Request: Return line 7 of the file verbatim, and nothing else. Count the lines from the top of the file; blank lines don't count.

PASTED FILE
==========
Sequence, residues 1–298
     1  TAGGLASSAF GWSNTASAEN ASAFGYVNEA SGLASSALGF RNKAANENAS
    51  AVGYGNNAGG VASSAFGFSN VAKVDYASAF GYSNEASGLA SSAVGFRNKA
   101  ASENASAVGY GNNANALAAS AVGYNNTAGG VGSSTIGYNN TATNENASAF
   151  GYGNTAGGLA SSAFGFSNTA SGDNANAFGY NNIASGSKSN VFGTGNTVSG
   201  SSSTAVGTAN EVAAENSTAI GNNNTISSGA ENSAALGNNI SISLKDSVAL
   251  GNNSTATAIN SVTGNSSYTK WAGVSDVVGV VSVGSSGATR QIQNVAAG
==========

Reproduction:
   251  GNNSTATAIN SVTGNSSYTK WAGVSDVVGV VSVGSSGATR QIQNVAAG